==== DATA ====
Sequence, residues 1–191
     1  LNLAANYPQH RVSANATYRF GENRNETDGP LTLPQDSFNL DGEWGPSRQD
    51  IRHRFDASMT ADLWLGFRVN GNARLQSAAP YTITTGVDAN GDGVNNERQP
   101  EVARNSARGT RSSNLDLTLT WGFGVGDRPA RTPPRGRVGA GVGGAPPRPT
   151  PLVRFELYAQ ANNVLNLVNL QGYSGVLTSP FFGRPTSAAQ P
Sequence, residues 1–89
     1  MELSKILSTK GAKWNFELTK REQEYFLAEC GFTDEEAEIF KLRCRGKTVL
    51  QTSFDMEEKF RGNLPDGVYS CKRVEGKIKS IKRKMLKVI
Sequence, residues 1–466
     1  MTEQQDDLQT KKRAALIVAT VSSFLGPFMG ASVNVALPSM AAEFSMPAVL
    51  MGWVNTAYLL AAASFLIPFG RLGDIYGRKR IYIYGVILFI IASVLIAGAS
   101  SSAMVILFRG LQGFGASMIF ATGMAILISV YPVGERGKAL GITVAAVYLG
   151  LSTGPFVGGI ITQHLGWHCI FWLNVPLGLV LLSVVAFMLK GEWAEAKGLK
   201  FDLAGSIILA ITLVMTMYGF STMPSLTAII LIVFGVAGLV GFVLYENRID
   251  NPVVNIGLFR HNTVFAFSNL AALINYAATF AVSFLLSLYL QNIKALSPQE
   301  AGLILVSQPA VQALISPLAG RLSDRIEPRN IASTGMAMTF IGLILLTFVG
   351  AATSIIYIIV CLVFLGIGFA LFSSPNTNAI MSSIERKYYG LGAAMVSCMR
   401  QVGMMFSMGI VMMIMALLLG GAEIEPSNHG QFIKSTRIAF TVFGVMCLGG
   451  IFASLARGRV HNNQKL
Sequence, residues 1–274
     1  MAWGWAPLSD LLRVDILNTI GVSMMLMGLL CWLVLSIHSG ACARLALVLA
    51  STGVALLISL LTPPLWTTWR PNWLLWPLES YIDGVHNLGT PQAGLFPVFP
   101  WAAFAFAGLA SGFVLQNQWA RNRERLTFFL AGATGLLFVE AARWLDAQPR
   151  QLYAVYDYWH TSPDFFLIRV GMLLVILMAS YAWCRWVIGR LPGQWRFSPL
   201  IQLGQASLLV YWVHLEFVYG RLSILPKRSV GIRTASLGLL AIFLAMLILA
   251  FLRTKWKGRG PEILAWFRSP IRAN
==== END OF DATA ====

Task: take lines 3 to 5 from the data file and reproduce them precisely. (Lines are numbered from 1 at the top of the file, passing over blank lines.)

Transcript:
    51  IRHRFDASMT ADLWLGFRVN GNARLQSAAP YTITTGVDAN GDGVNNERQP
   101  EVARNSARGT RSSNLDLTLT WGFGVGDRPA RTPPRGRVGA GVGGAPPRPT
   151  PLVRFELYAQ ANNVLNLVNL QGYSGVLTSP FFGRPTSAAQ P